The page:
An Electrical Grid We Can Believe In

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"An Electrical Grid We Can Believe In"

CAP’s Bracken Hendricks has a report out on the need to invest in and revitalize our national electricity transmission grid. There are a number of aspects to this problem, but perhaps the clearest and most compelling one from a progressive perspective is simply the fact that the current grid essentially locks us in to planet-destroying coal to power an enormous amount of the country. Why? Well, we don’t have any high-voltage transmission lines going into the part of the country where the best onshore wind resources are, and we have few lines going to where the best solar power sights are:

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Although the United States has vast onshore wind resources—more than enough to supply 20 percent of the nation’s electricity demand by 2030, according to a recent Department of Energy study—the best of these wind resources are located primarily in remote regions of the country. These areas are generally located far from major centers of electricity demand and have little or no access to the “backbone” extra- high-voltage transmission lines that would be required in order to transmit power efficiently from these regions to major electricity markets.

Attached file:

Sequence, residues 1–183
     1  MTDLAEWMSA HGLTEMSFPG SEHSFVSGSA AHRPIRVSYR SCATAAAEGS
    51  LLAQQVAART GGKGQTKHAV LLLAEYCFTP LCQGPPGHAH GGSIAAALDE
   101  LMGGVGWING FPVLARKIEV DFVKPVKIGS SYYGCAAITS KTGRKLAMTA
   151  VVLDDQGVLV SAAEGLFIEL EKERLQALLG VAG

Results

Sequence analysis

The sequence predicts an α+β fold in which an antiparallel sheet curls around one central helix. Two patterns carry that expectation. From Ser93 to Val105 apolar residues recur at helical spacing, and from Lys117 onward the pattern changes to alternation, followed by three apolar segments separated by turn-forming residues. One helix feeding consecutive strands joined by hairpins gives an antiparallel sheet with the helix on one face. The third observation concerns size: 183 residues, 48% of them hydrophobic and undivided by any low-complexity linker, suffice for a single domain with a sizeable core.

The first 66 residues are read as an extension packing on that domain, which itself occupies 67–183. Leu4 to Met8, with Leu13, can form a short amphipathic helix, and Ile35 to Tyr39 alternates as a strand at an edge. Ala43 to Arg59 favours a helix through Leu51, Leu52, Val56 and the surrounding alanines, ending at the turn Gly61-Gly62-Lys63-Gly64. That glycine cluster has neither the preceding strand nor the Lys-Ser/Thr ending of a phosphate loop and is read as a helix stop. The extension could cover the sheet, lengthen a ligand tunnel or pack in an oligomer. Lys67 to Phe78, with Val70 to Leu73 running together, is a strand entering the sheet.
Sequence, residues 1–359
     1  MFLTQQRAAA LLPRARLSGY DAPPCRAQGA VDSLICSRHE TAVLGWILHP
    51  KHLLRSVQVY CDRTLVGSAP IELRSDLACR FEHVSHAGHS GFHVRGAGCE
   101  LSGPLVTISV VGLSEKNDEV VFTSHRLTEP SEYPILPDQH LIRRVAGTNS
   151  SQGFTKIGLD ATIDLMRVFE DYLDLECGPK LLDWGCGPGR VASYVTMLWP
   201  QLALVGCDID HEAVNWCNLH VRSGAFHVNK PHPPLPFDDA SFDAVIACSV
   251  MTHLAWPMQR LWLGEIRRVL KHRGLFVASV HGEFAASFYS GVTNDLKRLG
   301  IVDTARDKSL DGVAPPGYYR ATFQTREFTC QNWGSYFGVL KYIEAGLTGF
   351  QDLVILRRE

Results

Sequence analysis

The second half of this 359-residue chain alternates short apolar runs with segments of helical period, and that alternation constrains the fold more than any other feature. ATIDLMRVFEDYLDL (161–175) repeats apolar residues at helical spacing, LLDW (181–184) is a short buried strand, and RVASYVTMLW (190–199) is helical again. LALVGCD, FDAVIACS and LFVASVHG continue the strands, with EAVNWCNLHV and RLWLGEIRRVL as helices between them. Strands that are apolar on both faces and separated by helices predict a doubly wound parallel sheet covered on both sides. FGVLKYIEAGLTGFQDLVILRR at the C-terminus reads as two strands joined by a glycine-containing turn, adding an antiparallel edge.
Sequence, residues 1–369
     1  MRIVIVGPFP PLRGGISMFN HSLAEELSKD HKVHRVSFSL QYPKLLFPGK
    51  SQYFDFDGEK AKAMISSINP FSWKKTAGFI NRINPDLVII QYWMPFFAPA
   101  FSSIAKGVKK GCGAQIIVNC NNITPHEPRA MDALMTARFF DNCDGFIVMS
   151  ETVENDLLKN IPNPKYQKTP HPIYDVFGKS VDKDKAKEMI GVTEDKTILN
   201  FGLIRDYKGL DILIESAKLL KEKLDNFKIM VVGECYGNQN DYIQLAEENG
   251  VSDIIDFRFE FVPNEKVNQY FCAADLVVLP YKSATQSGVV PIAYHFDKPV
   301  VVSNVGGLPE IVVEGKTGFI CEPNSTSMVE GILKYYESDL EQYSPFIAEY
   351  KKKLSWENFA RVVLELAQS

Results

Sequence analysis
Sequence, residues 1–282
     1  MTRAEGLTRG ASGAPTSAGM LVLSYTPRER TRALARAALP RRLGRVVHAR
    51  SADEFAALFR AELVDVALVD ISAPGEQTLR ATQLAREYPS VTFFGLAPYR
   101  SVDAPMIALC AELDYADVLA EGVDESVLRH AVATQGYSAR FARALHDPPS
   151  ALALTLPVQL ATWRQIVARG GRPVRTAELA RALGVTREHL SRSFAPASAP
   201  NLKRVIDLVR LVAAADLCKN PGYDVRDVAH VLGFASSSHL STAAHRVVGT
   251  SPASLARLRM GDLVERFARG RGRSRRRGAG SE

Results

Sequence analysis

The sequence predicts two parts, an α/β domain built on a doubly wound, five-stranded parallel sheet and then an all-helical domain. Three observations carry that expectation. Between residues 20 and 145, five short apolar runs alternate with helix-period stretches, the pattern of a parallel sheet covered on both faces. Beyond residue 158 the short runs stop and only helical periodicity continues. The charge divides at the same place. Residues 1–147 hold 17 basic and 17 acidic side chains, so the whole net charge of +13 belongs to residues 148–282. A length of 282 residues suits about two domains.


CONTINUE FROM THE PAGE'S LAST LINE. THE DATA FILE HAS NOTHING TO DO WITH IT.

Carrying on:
A similar problem confronts solar power developers, who have identified sparsely populated areas of the desert Southwest as optimal locations for large-scale solar power stations. Absent major investments in extra-high-voltage transmission lines connecting these areas of the country to major markets, it is unlikely that the United States will be able to fully exploit these renewable energy resources at a scale that can significantly contribute to our national appetite for energy. The development of remote geothermal resources faces similar transmission constraints.

Of course the larger reason why the grid has this shape is simply that it’s very old. The United States was a world leader in terms of large-scale electrification, especially of rural areas. But what that means is that the technology underlying the system is antiquated, and doesn’t take advantage of modern digital technology to manage the electricity. On top of that, the system is, for historical reasons, an odd patchwork of state-level regulators. In practice, however, the grid is an interstate concern. And especially if we want to pipe renewable energy from where the resources are to where the people live, that needs to be done on an interstate basis.

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